SUSTAINABILITY – In addition, my committee also leads the Council’s efforts around sustainability. Below are some highlights from our work in 2014.
- Oil trains – For me, 2014 will be remembered in part as the year we saw a drastic increase in oil transport by rail through the City of Seattle. In March, Council passed Resolution 31504 asking the City’s Office of Emergency Management and the Seattle Fire Department to report to review and, if needed, update the City’s incident response plans for the increasing risk imposed by oil trains. These departments reported their findings in September, and I am working with the Mayor’s office to continue to explore how Seattle can protect itself in the event of an oil train catastrophe. I have also been working with the Mayor’s office and my colleagues on Council in asking the State and Federal Governments to step up efforts to regulate this growing threat to our public safety, property and environment.
- Duwamish cleanup – The Duwamish River is an Environmental Protection Agency (EPA) Superfund site, and we recently received the final Record of Decision that mandates the City’s responsibility in clean-up. Throughout this process, I have been working with South Park and Georgetown communities to explore how we can create more livable, healthy and safe communities along Seattle’s only river. We have much work left to do on the Duwamish in 2015 and beyond.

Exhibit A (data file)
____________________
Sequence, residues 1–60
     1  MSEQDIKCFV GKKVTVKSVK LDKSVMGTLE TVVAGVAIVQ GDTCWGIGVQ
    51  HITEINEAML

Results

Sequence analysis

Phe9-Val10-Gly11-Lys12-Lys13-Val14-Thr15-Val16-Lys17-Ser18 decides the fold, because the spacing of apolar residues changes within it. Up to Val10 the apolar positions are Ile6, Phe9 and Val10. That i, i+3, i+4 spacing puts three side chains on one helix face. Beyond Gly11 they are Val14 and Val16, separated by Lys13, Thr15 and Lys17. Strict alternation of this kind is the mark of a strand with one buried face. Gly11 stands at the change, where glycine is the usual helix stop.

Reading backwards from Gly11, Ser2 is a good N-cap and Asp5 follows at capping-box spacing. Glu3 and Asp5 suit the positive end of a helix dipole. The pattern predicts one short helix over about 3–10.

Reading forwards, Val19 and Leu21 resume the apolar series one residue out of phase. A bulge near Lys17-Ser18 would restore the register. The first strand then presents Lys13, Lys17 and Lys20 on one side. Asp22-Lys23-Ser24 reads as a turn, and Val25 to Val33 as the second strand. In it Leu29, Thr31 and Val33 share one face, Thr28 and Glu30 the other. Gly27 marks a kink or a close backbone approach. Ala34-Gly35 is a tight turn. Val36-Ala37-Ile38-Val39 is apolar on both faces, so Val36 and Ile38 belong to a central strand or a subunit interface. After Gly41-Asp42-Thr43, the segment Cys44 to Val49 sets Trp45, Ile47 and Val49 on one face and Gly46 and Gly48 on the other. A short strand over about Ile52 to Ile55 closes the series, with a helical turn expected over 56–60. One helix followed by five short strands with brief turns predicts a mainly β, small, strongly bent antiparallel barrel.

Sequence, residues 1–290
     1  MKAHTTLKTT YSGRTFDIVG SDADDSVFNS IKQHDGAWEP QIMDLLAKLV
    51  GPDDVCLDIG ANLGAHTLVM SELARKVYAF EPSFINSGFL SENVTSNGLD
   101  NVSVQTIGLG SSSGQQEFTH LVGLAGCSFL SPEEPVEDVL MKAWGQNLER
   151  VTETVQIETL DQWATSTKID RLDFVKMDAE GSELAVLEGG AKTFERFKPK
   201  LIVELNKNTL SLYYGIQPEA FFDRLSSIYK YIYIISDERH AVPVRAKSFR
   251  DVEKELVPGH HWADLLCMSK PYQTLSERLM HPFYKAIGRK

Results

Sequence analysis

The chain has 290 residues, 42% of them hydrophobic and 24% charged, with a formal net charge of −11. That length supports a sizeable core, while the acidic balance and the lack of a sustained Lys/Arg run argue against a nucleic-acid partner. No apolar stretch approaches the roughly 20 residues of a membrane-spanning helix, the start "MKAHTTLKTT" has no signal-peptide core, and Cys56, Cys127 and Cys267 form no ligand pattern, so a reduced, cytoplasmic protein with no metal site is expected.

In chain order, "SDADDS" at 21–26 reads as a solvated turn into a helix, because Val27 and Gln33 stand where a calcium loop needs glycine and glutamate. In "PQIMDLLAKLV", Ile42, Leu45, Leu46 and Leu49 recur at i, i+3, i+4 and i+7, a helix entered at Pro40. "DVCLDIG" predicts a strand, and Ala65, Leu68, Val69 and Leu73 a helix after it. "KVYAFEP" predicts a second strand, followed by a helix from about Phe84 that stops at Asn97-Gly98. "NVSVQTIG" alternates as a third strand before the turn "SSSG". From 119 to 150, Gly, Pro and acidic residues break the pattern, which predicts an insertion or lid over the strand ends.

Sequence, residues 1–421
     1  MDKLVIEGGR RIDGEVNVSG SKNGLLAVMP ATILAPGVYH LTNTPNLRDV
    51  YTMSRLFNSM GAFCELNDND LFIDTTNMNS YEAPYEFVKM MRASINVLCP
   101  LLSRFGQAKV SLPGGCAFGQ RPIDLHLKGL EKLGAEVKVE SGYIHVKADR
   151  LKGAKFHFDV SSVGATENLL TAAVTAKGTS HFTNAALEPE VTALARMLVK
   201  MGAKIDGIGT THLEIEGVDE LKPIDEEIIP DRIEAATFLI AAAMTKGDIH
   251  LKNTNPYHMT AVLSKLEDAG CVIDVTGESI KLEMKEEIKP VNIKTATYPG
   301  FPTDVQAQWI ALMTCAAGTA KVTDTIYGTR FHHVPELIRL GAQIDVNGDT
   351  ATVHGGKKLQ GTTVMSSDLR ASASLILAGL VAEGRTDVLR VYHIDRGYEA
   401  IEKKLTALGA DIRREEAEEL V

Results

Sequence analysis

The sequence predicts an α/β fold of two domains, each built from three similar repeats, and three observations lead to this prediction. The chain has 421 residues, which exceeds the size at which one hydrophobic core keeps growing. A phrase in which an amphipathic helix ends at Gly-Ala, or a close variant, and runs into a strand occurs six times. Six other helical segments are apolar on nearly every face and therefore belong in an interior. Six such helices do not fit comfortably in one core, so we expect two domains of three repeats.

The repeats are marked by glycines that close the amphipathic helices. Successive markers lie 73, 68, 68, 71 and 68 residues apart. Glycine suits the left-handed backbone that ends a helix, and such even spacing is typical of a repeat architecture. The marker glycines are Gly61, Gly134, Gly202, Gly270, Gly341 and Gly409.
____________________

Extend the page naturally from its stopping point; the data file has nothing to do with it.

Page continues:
- Advanced Green Lake cleanup — Green Lake is Seattle’s most popular park and one of its great swimming destinations. So this year in the 2015 budget, I worked with Councilmember Jean Godden to secure funding to speed up the City’s effort to treat Green Lake to deal with toxic blue green algae, which has led to multiple closures over the past couple of years. We now hope that have treatment completed in Spring of 2016.
- Pollinator health — This year we also worked with local sustainability advocates to pass a resolution ending the City’s use of neonicotinoid-based pesticides on City-owned property in a move to help promote the health of bees and other critical pollinators that keep Seattle blooming year-round.